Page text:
In the days before digital photography a lot of photographers would carry a notebook in which they would make notes of camera settings like aperture, shutter speed, film type, lens used and even what filters they used, where the shots were taken, the list goes on…
But with the advent of digital photography the camera can now do all that for you in the form of EXIF metadata or simply EXIF.
EXIF is short for Exchangeable Image File, a format that is a standard for storing interchange information in digital photography image files.
All digital imaging devices be it DSLR, Mirrorless CSC, phones & tablets will embed this data within an image file.
This is true of whatever format you use be it RAW or Jpeg.
This data is also found in other formats such as TIFF (Tagged Image File Format) BMP (Bitmap Image File) GIF (Graphic Interchange Format) PNG (Portable Network Graphics) DNG (Digital Negative Format) PSD (Photoshop Document) as well as many others.
So why embed this data?
Well for one it is used primarily by editing software to align it to whatever the camera settings were at the time of the shot.
For instance, if you saved the image as Jpeg then any of the picture control settings you had set in the camera would be transferred into the editing software so as the image displayed on your monitor would replicate what was on the view screen of the camera.
But it does not stop with basic settings which includes all the information displayed in the viewfinder and any other screens on the camera.
As you can see from the screenshot of an image open in Lightroom Classic it has imported camera settings make and model along with details of the lens used and its settings but you will also notice some personal information included as well.
This only shows a fraction of the EXIF data available. Many photo storing website, such as Flickr, can display much more data.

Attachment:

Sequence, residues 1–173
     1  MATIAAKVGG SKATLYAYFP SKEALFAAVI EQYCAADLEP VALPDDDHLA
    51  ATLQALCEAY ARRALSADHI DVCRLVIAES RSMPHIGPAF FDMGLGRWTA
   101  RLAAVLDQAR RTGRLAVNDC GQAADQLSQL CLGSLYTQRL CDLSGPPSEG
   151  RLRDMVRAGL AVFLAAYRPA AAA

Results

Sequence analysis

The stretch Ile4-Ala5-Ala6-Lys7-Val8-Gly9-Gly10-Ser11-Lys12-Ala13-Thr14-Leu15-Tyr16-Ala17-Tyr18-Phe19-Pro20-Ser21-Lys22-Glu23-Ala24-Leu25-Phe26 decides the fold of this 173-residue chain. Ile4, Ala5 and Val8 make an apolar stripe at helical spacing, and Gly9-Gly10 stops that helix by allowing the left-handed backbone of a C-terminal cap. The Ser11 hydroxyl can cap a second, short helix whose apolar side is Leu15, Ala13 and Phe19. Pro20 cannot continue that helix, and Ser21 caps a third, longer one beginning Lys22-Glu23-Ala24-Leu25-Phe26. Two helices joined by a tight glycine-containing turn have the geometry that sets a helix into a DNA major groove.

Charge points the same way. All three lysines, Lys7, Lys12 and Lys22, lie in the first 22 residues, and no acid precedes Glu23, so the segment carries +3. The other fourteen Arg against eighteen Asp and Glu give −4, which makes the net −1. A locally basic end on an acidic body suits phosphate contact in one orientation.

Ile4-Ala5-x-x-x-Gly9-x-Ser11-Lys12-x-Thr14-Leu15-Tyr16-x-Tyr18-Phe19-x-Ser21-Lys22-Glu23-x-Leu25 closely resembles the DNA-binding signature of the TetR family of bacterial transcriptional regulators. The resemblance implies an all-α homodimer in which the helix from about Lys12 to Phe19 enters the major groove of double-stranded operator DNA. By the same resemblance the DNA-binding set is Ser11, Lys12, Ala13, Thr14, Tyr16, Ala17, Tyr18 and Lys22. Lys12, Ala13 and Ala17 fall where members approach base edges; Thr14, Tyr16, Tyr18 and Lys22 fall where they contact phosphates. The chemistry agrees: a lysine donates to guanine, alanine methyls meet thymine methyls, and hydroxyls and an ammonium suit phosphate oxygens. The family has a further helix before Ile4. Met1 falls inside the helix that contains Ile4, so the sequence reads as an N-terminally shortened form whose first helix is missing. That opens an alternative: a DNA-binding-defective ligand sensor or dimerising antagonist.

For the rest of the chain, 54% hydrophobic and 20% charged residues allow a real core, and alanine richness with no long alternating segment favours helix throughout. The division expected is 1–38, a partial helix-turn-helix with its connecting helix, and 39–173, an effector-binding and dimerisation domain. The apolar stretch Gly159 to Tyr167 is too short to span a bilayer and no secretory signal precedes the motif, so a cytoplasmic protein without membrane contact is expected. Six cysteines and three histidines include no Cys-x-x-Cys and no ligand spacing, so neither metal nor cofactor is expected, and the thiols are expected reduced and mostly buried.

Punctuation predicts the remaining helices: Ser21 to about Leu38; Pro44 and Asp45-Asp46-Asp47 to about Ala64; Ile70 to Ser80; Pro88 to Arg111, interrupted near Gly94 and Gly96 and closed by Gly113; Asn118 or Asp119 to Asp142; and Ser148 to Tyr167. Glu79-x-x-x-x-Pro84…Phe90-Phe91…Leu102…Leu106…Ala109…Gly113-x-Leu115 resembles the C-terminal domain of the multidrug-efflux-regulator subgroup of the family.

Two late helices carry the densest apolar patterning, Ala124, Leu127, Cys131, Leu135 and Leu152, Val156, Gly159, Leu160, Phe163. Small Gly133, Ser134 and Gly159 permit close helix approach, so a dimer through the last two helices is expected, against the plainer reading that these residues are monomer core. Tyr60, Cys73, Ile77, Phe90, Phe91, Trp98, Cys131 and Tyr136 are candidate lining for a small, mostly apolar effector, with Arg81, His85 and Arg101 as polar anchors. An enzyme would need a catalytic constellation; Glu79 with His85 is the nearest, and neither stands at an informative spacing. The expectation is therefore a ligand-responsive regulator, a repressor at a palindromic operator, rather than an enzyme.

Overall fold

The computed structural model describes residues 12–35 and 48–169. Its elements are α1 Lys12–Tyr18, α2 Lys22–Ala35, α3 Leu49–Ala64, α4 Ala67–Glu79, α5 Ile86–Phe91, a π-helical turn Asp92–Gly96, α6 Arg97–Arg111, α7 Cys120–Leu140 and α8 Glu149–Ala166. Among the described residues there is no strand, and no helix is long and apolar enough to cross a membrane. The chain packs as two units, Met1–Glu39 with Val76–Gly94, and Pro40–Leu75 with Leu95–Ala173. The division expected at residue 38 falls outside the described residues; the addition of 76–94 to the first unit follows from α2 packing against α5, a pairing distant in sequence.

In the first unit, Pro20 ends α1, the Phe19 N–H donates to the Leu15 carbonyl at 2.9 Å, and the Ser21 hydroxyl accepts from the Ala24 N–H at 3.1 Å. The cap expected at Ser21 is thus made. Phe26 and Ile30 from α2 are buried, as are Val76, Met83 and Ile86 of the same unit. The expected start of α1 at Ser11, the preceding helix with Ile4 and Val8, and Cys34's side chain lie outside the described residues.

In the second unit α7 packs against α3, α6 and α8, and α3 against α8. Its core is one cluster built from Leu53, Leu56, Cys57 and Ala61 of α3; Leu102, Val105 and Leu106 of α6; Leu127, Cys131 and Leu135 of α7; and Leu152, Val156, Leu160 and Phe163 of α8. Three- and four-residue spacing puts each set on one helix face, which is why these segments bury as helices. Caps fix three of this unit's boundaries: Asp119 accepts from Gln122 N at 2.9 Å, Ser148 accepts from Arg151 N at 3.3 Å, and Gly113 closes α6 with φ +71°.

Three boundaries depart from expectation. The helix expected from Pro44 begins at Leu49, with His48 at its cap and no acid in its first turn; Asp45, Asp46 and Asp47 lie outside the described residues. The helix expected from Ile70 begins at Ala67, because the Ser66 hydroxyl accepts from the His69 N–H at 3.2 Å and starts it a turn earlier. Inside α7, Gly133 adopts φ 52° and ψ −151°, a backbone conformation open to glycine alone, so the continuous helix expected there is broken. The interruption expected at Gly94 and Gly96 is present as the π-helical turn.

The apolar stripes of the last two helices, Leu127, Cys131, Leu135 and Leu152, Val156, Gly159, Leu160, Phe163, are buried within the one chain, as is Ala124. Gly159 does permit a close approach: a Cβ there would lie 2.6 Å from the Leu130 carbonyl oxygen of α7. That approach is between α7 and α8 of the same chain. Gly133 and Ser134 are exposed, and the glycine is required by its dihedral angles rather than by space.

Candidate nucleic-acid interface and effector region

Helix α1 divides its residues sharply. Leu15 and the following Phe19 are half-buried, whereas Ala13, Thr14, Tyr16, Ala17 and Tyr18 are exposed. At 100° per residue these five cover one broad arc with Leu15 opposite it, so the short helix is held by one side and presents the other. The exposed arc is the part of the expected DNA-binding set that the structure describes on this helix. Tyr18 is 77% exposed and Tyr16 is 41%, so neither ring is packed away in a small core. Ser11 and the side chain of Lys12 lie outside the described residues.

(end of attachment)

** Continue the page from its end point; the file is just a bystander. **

You can also upload your images to websites such as EXIF Data Viewer and Online EXIF Viewer to gather this information, as well as many EXIF readers available for download.
Where in the World?
The image above was taken with a DSLR that is not equipped with inbuilt GPS unlike the camera used to take this next image. As you can see it now as automatically tagged where the image was taken.
As you can see modern digital devices can store all sorts of useful information about our images.
This includes all the information displayed in the viewfinder and any other screens on the camera, great for those studying a photograph to be able to see what equipment and settings were used.
This is all very helpful you might say BUT here is other side of the coin so to speak, this information can also prove to be very useful to those who might exploit and use this data in ways that could prove to be a security and privacy risk.
As you have seen above there is personal information, and for instance if you take photos of your family or pets in your garden then the location of your home could be exposed.
There is also the fact that the pictures were taken with expensive equipment – it is all there for the world to see on any image that you would upload onto the world wide web, be it social media, google photos, Flickr, in fact any type of online photo site the EXIF data is there for all to see.
Some sites like Flickr allow you to hide this data whilst others like our own photoclub247 do not permit the image data to be download or viewed.
Unfortunately the vast majority of sites do permit the EXIF data to be viewed and although some social media sites claim to remove EXIF data this is not strictly true they in fact only hide the data which for those who know where and how to look it can still be found.
Although there is readily available software that can edit the EXIF data and remove personal information leaving only the camera settings, my advice would be not to set up this information in the device to start with and only use it if you have a particular reason to require it.
Unfortunately we live in an age where personal information is traded like a commodity with email addresses being harvested and sold to marketing companies who then send out spam and other unwanted mail to use in identity theft where the victim can end up losing large amounts of money so taking care of your personal details is evermore important!